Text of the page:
In Africa, 1 million mobile phones combat malaria

"Understanding the movement of people is crucial in eliminating malaria," says Andy Tatem. "Our study demonstrates that the rapid global proliferation of mobile phones now provides us with an opportunity to study the movement of people, using sample sizes running in to millions." (Credit: George Lamson/Flickr)

Records from 1.19 million mobile phones in Namibia are helping health officials combat malaria more effectively.

A new study used anonymous mobile records to measure population movements from 2010 to 2011. By combining this data with information about diagnosed cases of malaria, topography, and climate, researchers have been able to identify geographical “hotspots” of the disease and design targeted plans for its elimination.

"The importation of malaria from outside a country will always be a crucial focus of disease control programs, but movement of the disease within countries is also of huge significance," Andy Tatem says. (Credit: guitarfish/Flickr)
“The importation of malaria from outside a country will always be a crucial focus of disease control programs, but movement of the disease within countries is also of huge significance,” Andy Tatem says. (Credit: guitarfish/Flickr)

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“Understanding the movement of people is crucial in eliminating malaria,” says Andy Tatem, geographer at the University of Southampton. “Attempts to clear the disease from an area can be ruined by highly mobile populations quickly reintroducing the parasite which causes malaria.

“If we are to eliminate this disease, we need to deploy the right measures in the right place, but figures on human movement patterns in endemic regions are hard to come by and often restricted to local travel surveys and census-based migration data.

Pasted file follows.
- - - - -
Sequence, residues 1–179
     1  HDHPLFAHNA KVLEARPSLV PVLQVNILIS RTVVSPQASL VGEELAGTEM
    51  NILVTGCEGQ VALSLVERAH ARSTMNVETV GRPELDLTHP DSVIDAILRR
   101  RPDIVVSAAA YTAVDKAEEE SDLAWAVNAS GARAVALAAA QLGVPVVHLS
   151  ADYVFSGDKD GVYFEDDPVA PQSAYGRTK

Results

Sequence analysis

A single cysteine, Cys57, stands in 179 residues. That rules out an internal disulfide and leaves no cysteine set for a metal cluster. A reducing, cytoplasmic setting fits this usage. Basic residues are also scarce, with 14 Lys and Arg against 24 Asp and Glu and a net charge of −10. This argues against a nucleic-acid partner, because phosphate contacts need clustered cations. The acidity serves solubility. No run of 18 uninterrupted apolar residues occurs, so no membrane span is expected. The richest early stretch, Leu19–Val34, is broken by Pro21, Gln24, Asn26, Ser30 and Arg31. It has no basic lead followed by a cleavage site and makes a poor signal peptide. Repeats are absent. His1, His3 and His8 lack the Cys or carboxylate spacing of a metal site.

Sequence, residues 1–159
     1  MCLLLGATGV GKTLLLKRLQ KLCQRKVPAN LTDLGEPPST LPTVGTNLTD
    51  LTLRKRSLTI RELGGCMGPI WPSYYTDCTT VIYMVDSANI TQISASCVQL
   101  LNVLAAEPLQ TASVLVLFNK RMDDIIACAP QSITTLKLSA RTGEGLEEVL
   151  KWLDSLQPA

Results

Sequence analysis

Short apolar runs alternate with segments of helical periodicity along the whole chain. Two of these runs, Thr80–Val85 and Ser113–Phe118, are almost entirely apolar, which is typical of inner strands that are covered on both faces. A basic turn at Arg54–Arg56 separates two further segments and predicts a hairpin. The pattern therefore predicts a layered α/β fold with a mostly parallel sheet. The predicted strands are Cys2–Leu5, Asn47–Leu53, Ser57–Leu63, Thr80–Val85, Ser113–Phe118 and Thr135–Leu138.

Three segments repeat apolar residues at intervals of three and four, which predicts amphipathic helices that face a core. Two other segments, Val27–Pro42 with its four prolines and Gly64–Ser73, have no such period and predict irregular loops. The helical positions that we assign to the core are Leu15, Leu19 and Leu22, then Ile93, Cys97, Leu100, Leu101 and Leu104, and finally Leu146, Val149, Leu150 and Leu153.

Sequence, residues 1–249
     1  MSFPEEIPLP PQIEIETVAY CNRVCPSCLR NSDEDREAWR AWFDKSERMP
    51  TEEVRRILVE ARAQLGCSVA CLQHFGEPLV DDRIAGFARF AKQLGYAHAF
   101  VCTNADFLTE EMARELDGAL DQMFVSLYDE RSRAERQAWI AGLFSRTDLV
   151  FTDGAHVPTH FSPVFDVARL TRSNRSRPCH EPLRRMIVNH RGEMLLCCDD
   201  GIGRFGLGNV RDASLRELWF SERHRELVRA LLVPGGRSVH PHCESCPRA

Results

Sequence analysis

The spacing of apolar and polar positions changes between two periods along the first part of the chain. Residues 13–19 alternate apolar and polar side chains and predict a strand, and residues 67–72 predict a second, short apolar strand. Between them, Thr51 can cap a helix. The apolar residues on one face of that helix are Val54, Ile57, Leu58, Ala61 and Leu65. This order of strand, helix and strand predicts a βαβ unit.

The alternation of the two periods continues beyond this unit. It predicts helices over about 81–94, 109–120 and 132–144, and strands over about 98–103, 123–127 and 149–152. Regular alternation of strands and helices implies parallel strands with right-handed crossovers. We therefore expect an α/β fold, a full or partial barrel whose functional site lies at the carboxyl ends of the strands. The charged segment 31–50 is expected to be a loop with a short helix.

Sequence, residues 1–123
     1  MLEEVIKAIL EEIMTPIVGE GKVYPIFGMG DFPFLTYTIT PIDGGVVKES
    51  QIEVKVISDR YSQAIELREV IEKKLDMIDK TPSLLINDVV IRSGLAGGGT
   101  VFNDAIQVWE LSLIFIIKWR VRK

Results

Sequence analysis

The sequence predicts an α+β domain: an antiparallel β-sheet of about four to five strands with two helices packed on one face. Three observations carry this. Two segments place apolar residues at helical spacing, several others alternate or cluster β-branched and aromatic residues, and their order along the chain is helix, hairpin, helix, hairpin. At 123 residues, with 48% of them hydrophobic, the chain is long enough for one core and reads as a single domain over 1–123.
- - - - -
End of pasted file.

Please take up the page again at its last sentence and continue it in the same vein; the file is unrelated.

“Our study demonstrates that the rapid global proliferation of mobile phones now provides us with an opportunity to study the movement of people, using sample sizes running in to millions. This data, combined with disease case based mapping, can help us plan where and how to intervene.”

Published in the Malaria Journal, the study used 12 months of anonymous call data records that were provided by sMobile Telecommunications Limited. The records represent nine billion communications from 1.19 million unique subscribers—around 52 percent of the population of Namibia.

Aggregated movements of mobile users between urban areas and urban and rural areas were analyzed in conjunction with data based on rapid diagnostic testing of malaria and information on the climate, environment, and topography of the country.

The results will help the National Vector-borne Diseases Control Programme (NVDCP) in Namibia improve their targeting of malaria interventions to communities most at risk.

Specifically they have helped with the targeting of insecticide-treated bed net distributions in the Omusati, Kavango, and Zambezi regions in 2013, and will continue to help the NVDCP prepare for a large-scale net distribution in 2014 and deployment of community health workers.

“The importation of malaria from outside a country will always be a crucial focus of disease control programs, but movement of the disease within countries is also of huge significance,” Tatem says. “Understanding the human element of this movement should be a critical component when designing elimination strategies—to help target resources most efficiently.

“The use of mobile phone data is one example of how new technologies are overcoming past problems of quantifying and gaining a better understanding of human movement patterns in relation to disease control.”

Source: University of Southampton